Motoring towards South Bend to stay overnight in a museum, found on Air B&B, the Red Arrow Exit sang its siren call and I exited. Sarett Nature Center has a museum perched on top a bluff above the Paw Paw River. A staircase leads down bluff to a series of boardwalks that explore river level bogs. That's for another day; my memory explores Sarett's park of bird feeders every time the exit is approached. In Fall 2005, I witnessed as an elderly caretaker fed dozens of cardinals at dusk, a few who perched on the palm of his hand.
First, my mission made me ignore the signs at a first crossroad, 12 Corners forward and Vineyard 2121 across the overpass. Then I beheld an orchard with trees laden with Red Haven peaches, awaiting picking hands of migrants and quart baskets made of strips of pliable wood. The lushness of what had to be a vineyard for 12 Corners stunned me as I turned a corner. That vineyard had transformed into the subject of a future oil painting, and I could remember the field planted to hay in 2005, round hay bales awaiting a wagon pulled by a John Deere tractor and able hands, strong shoulders. It just that a field of hay is worth money and a field of green grapes to be crushed in October is worth gold, potentially mythical amounts of gold if the sun rain and soil is helpful. And this tasting room, an applaudable work of architecture, is what happens when our fields go from grain to grapes, just the ones with good terroir, inside Lake Michigan's snow belt.
So I turned the car around and began searching for 2121, surely a play on 12 Corners. I'll have to count corners when I return to Red Arrow Highway. There has to be twelve. I was wondering, "Did I really have better plans then watching early evening sun arriving to the terraced hills of grapevines"?
Yes, I have confirmed. I am at 2121 Kerlikowse Road.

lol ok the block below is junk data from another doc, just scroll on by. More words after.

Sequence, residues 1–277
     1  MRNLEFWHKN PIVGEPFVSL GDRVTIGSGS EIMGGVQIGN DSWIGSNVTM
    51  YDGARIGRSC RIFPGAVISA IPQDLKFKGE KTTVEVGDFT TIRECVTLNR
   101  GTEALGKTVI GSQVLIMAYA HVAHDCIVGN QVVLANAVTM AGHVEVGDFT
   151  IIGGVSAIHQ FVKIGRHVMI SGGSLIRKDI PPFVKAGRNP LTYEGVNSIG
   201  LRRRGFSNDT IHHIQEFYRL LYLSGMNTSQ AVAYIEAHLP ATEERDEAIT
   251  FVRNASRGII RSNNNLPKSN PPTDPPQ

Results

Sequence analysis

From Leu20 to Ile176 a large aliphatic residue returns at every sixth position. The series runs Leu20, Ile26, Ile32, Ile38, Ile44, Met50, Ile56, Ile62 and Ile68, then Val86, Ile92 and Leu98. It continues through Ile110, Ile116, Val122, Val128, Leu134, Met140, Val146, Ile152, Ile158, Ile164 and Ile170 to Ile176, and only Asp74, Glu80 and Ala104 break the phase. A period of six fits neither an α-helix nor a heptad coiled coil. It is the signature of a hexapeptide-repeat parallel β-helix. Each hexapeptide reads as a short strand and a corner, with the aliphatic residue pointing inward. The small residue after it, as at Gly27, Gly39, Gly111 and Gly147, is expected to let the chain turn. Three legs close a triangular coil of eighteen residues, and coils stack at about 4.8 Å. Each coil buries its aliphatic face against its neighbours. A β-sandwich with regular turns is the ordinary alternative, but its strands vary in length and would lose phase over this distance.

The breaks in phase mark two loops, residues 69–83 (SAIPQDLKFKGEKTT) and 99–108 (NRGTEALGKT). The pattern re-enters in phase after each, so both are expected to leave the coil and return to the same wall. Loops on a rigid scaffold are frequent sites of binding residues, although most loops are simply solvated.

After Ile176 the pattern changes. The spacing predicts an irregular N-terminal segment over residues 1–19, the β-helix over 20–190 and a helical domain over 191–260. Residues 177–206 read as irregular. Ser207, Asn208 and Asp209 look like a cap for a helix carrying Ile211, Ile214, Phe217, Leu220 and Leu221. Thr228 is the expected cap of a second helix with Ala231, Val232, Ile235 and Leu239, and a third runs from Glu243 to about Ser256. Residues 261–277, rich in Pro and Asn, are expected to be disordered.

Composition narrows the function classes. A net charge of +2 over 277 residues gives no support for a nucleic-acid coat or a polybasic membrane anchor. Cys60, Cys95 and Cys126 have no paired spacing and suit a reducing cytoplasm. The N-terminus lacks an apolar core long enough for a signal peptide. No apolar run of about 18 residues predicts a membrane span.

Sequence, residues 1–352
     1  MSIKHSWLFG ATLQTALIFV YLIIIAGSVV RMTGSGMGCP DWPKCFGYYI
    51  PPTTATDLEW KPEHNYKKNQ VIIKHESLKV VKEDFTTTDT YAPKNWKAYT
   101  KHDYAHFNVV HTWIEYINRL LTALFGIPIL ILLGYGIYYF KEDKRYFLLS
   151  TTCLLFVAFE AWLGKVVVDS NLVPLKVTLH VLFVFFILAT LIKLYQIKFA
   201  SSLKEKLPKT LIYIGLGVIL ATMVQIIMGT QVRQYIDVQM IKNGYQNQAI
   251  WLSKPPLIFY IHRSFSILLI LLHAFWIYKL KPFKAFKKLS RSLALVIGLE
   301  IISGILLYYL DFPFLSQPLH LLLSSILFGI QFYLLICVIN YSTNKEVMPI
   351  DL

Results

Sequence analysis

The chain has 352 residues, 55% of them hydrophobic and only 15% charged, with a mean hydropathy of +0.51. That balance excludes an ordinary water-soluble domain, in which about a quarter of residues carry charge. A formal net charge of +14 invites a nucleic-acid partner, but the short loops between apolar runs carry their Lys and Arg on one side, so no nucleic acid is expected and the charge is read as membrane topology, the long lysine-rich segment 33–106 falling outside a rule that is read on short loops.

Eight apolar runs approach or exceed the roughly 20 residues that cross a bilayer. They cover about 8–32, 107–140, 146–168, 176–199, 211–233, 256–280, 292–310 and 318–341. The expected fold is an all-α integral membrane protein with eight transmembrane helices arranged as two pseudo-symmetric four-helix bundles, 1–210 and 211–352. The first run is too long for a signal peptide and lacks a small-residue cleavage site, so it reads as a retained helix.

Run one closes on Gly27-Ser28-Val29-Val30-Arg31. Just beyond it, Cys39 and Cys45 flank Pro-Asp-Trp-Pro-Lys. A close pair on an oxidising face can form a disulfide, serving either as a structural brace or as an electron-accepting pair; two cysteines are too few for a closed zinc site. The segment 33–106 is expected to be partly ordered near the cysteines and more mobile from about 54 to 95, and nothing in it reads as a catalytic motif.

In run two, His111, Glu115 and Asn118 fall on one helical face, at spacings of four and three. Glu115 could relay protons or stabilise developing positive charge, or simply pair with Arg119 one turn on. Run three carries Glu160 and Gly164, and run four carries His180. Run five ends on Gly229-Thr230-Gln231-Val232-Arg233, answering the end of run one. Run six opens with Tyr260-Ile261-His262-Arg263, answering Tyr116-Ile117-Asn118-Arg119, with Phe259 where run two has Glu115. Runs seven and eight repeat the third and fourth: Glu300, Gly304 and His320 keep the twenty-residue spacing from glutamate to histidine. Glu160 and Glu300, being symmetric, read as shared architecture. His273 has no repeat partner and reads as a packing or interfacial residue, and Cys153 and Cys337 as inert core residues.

A woman in her thirties approached my table and asked, "How are you enjoying the Dry Riesling?" I said a mouthful of praises and then learned an astonishing fact. The Dry Riesling is wine from the first vintage. I wished the vineyard a thousand vintages and she said, "My husband said it was more frugal to build me a winery than keep buying cases of wine". I raised my glass and felt a loss for words. She has a gift for gab: "Yes. I understand. You'll drink to that". The fairy tale carriage set before the deck must belong to this Chardonnay Cinderella. I'm considering calling off all efforts to date until I have a crop of Riesling in my field.
Obviously, I would have missed a fairy tale had I kept driving. How generous that I can just park my car and waltz on into the scene. Noticing that the vineyard is a sustainable operation by the Pallas family, this fairy tale is officially a well-planned Michigan myth.
I thought of a lifelong friend as I drove searching for the new vineyard, a good man and father who became a mountain of a man through Football training and hard, skilled work. Shaved his head around the turn of the century and only looked more solid a guy for adopting the style. In 2006, at our reunion at the Eagles in Durand, he smacked me on the back with his broad palm and I still remember the earnest welcome kindly. We've shucked & jived about making a few vineyard visits for about two years now, bringing his lovely bride. Why, I would rent a date for that. JOKE!
If he's reading, I leave these words by Hilaire Belloc for his consideration: "I will hold my house in the high wood within a walk of the sea, And the men who were boys when I was a boy shall sit and drink with me."